I was hesitant to read this book because I tried to read The Wednesday Wars and just couldn't get into it. I didn't like the writing style of the bookI was hesitant to read this book because I tried to read The Wednesday Wars and just couldn't get into it. I didn't like the writing style of the book and didn't finish it even though TONS of people have loved the book. However, I've seen rave reviews of Trouble and decided to give it a chance. I'm so glad I did.
Trouble is a book filled with intense emotion, racial tension, forgiveness, quest for self, and more. I think that a lot of readers, boys and girls alike will love this book. My only beef with the writing was that all of the book's "loose ends" seemed to be tied up nice and neatly by the end of the book in a way that almost seemed unrealistic. I don't want to go into details for the people who haven't read the book, but I guess I would have liked a little more originality. (Don't beat me up for saying this Trouble fans!) ...more
It's the early 1600s, and Tuk, a young Inuit boy sees a giant ship approaching his group's winter camp on the Baffin Islands. It's a ship of EuropeanIt's the early 1600s, and Tuk, a young Inuit boy sees a giant ship approaching his group's winter camp on the Baffin Islands. It's a ship of European whalers who've been blown off course. These "Qallunnaat" (foreigners) are malnourished and exhausted, and they appeal to the islanders for their help catching "Arvik," a breed of a gigantic and elusive black whale. There is distrust and uncertainty on both sides, as is evidenced by Tuk's thoughts early on in the book:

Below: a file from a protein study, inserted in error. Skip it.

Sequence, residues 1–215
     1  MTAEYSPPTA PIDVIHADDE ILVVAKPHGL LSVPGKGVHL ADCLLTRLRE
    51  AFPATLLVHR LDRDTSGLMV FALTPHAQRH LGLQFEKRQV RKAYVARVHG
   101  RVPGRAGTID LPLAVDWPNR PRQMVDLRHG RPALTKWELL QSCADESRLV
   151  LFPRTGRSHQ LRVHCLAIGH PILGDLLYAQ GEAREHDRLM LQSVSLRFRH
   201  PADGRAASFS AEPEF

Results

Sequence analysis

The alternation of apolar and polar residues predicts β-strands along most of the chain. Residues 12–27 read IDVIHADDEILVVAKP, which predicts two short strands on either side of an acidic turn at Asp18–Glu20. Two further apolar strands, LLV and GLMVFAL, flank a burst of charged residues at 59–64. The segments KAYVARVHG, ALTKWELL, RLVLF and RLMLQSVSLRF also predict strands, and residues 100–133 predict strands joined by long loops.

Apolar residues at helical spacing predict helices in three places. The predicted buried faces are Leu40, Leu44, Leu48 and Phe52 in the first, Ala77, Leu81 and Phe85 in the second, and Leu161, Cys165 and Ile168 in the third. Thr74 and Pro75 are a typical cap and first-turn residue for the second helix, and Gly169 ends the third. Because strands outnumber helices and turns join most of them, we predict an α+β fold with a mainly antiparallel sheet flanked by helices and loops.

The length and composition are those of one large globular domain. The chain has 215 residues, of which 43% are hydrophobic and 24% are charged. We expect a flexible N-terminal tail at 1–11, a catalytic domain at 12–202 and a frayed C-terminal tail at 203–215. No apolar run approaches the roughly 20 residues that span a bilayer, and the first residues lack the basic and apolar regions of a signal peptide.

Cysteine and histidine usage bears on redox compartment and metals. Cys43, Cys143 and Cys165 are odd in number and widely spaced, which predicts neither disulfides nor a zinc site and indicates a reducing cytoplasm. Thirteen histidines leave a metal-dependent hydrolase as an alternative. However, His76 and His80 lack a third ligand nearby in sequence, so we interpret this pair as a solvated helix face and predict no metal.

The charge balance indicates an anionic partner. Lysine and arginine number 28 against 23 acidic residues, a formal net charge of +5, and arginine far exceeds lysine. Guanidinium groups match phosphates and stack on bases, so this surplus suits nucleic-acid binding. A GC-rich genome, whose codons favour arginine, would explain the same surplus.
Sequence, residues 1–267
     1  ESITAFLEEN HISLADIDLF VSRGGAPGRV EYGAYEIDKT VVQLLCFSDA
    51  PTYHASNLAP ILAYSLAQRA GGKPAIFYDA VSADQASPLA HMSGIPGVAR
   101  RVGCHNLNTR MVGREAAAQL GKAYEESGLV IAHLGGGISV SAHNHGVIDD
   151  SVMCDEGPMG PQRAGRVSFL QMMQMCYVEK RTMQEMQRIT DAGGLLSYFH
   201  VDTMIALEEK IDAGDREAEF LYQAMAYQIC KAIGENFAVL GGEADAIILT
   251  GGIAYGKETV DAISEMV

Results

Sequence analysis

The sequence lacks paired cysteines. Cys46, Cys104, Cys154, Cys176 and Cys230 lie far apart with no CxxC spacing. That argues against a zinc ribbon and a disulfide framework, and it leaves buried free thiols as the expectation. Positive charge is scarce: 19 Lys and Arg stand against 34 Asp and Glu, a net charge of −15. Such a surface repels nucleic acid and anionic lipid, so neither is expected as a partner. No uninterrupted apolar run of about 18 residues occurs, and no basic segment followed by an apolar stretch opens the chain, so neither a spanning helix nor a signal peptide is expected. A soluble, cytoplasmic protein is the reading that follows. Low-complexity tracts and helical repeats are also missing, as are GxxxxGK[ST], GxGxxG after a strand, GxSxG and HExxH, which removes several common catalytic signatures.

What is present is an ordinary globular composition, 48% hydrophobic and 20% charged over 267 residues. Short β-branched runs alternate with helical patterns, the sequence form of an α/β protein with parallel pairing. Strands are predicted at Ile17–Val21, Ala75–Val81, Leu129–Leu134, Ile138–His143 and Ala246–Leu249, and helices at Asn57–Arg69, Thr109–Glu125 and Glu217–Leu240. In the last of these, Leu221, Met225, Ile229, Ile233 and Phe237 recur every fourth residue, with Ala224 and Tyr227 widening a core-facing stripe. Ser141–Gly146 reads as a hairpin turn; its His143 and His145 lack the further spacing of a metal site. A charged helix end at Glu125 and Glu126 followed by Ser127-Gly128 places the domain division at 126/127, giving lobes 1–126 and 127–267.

"Strangers couldn't be trusted. They weren't related by blood, or by marriage. They didn't bring news of friends and family in other camps. They could take things, break things--even hurt people. It was easy for strangers to do bad things to people because they didn't know anyone. And they could always just leave again." (p. 16)
Nevertheless, realizing that the whale could feed their people for months, the people of the camp agree to help out. What follows is an account of an exciting hunt for the great Arvik.
Tuk and the Whale is a story that provides a glimpse into what life was like for the Inuit people very early on in the whaling industry. We see the importance of whales to both the European whalers and the Inuits, though both are very different. Throughout the story, readers are introduced to a number of Inuit words, and a short glossary in the back of the book defines each one.
It's obvious that Ms. Rivera conducted thorough research to write this book, and she did an exceptional job of seamlessly weaving details of her research into a story that reveals the importance of family, teamwork, and tradition. I appreciate the fact that Ms. Rivera does not neatly tie the book up in a pretty little bow. Instead, it foreshadows the serious troubles that befell the native peoples in the boom of the whaling industry.
Young readers will enjoy reading this book, and it would make an excellent introduction to a unit on the whaling industry and the Inuit culture....more